About the Community First-Public Safety (CFPS) City Council Fund

The application is now closed. For additional information about the 2022 Application Overview (with Program Description & Application Questions), click here.


It is the goal of the City Council to have strong partnerships with community organizations and individuals that will align their strategies to reduce and prevent domestic and gun violence in our communities. Domestic violence and gun violence especially affect communities that have also experienced historical disinvestment. It is important for the Council to continue making strategic investments in these areas with community partners who have effective experience in reaching out to historically marginalized neighborhoods.

Therefore, City Council issued a request for proposals for the second year of the Community-First Public Safety Council Fund. Proposals included direct support, prevention, intervention, outreach, and referral services. Applications were reviewed by a committee made up of city staff and leaders from the existing community-first public safety initiative partners funded by the City of St. Paul. They made recommendations to the City Council for funding, and final proposals were approved and adopted by the City Council in April 2022.

Successful proposals demonstrated plans to do at least 3 of the tasks below:

  • Reach out and engage community youth between the ages of 13-25 years old related to reducing gun violence
  • Engage and connect residents to services and support that will disrupt and prevent gun and/or domestic violence
  • Lead with restorative justice practices where applicable and possible
  • Focuses on promoting positive self-esteem, healthy relationships, emotional intelligence and building positive emotion management practices
  • Address community healing and trauma response needs stemming from the public health and psychological impacts of residents and neighborhoods deeply and negatively impacted by gun violence and interpersonal violence

2022 Awardees:

30,000 Feet

30,000 Feet (30K) has provided creative learning opportunities and apprenticeships to underemployed youth and those who have had contact with the juvenile delinquency system since 2013. 30K was founded by Kevin Robinson and Vanessa Young, African Americans from the Saint Paul community who became concerned with the high numbers of disenfranchised youth in Saint Paul who were not having their academic and social/emotional needs met. They recognized a need for out-of- school programs that supported academic achievement, positive behaviors, and provided structure for marginalized students. 30K not only fills the void for these types of out-of-school and summer activities, but also addresses the disconnection of youth in East Saint Paul through culturally relevant programming. The funds will be used for a direct support staff to support youth who are on Ramsey county probation. The direct support staff position will help the youth set goals, connect with mental health resources, and also work with them to establish a restorative plan for those who have caused harm in the community. Also the transformative justice coordinator will help with self-regulation and communal healthy peer pressure, with the goal of helping the youth be successful post participating in 30,000 Feet.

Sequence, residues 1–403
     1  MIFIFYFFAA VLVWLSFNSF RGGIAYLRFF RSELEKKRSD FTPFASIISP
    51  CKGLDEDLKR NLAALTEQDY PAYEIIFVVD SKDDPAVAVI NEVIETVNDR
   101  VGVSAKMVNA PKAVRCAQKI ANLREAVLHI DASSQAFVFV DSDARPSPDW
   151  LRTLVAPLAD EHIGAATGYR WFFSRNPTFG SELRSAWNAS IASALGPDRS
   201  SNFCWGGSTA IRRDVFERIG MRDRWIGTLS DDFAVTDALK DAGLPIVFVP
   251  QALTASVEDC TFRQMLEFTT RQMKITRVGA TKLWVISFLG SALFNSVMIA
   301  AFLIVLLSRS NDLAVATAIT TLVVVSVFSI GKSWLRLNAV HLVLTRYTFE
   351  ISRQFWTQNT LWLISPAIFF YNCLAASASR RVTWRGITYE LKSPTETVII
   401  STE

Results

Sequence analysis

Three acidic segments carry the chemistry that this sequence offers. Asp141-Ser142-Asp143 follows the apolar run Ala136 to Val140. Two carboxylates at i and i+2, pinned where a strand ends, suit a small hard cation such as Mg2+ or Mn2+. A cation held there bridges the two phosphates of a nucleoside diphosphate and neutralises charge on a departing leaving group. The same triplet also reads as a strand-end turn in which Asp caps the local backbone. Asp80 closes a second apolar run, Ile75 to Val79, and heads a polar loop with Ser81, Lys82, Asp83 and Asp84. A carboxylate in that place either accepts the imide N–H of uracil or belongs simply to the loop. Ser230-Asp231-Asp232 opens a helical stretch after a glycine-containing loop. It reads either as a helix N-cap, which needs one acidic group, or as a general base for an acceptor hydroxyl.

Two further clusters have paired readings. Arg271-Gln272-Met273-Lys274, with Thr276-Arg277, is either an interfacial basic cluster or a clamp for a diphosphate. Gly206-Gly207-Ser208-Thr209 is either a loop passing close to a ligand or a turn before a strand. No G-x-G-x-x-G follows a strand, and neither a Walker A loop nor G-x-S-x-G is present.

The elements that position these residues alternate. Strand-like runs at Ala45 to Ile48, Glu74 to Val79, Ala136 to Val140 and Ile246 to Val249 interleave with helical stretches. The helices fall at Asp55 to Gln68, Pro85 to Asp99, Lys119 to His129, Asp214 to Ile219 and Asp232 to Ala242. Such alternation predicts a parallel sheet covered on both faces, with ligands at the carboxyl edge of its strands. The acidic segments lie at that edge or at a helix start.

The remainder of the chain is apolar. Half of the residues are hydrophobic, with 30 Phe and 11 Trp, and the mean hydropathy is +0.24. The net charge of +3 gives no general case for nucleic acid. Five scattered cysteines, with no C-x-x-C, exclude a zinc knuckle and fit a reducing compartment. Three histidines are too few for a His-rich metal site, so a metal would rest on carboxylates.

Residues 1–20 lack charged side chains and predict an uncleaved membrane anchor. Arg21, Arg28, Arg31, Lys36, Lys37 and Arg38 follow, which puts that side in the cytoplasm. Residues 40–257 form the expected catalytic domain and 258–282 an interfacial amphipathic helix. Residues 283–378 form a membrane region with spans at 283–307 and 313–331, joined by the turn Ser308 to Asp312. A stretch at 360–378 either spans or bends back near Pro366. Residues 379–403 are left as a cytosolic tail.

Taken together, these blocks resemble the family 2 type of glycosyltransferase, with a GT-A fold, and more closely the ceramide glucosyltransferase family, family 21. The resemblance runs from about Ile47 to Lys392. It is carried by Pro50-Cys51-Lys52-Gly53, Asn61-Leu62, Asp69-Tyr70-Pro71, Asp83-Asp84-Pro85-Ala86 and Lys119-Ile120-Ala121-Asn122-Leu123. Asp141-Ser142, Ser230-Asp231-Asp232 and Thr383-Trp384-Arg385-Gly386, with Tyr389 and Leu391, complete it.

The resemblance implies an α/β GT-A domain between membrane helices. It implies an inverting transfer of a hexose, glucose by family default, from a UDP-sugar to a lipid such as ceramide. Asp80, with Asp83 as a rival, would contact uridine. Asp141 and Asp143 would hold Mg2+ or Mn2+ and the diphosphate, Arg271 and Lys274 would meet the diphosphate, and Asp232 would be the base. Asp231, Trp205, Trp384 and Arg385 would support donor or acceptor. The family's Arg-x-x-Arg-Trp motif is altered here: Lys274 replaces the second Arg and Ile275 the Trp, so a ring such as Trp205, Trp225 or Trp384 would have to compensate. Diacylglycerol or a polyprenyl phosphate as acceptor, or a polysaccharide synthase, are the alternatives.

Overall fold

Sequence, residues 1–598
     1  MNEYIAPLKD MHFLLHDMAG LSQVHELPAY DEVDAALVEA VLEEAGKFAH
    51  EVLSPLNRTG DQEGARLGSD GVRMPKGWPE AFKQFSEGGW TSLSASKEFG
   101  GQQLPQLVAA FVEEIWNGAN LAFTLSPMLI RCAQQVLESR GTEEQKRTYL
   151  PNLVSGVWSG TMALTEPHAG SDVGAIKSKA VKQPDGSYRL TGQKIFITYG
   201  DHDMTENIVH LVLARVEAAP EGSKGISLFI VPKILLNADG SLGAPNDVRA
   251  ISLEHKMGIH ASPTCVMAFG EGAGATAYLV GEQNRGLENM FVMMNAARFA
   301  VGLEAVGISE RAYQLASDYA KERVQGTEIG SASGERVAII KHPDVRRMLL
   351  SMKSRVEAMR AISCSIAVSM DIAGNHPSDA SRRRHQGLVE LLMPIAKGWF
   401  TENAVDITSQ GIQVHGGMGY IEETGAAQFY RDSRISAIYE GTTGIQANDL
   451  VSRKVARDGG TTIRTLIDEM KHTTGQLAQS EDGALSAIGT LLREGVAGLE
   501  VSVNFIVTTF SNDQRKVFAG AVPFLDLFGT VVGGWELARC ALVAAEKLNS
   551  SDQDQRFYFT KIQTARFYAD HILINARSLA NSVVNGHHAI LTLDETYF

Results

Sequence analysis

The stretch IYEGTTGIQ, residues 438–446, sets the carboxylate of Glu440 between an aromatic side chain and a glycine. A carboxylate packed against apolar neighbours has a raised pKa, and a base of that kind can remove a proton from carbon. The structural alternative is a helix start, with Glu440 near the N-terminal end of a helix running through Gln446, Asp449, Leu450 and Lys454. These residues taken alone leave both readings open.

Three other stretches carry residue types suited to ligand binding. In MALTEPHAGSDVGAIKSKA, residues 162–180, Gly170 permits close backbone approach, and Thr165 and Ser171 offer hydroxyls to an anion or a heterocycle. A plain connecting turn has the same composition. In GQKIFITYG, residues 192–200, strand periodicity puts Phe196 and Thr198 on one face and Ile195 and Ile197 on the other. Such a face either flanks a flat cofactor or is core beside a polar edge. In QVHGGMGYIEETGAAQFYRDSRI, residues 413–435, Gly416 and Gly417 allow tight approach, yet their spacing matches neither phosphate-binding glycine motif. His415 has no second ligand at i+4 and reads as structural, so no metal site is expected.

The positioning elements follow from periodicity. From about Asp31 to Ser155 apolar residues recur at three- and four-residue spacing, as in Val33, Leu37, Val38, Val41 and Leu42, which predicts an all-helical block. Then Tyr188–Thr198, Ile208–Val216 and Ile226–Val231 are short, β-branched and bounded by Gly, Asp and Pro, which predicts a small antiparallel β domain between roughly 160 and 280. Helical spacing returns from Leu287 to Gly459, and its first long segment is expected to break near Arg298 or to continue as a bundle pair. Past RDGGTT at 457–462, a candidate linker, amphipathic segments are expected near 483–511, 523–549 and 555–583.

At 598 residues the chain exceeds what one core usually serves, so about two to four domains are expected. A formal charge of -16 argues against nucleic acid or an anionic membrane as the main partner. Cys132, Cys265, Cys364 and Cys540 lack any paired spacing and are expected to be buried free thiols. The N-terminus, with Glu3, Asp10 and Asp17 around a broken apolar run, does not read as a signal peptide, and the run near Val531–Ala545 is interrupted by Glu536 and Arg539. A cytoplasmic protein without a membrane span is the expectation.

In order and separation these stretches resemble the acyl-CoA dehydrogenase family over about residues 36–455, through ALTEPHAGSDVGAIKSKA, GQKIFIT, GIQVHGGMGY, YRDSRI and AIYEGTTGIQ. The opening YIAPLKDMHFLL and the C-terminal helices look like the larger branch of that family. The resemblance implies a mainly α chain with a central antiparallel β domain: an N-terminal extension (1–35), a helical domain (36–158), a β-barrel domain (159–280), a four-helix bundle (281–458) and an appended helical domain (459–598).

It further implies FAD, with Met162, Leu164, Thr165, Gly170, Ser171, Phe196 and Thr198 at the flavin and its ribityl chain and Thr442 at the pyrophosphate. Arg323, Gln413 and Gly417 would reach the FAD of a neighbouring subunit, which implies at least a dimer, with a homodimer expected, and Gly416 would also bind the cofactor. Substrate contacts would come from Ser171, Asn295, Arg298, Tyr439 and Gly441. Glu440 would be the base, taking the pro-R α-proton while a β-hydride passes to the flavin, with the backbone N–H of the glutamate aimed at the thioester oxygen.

Website: https://30kft.art/

Guns Down Love Up

Our mission is to promote Love, Peace, and Community Collectiveness to end gun violence in the Twin Cities. Guns Down Love Up reimagines community safety and what it looks like for African Americans around community violence and gun violence. We invest in our community by working alongside community members to provide impactful change. Our programs address youth and community violence, focusing on prevention, intervention, and restorative practices within the African American community. Our efforts are focused on decreasing gun violence by increasing positive community interactions, conversations, spaces, and events and creating programming to heal and prevent future retaliation.

Website: https://gunsdownloveup.com/

Hmong 18 Council, Inc.

The Hmong 18 Council, Inc. is a 501(c)(3) nonprofit organization serving the Hmong people in the state of Minnesota since 1997. The organization’s mission lives on, to bring positive changes in the Hmong community through prevention and attempts to resolve domestic and gun violence, solve conflicts among Hmong families and married couples, and advocate for social justice, equity, and to improve the lives of individuals and families. Our grant proposal is to serve this ethnic Hmong minority population in Saint Paul, specifically a marginalized community that has a high rate of domestic violence and domestic abuse among both young and adult couples, and a high rate of gun violence that has risen to the forefront of the community.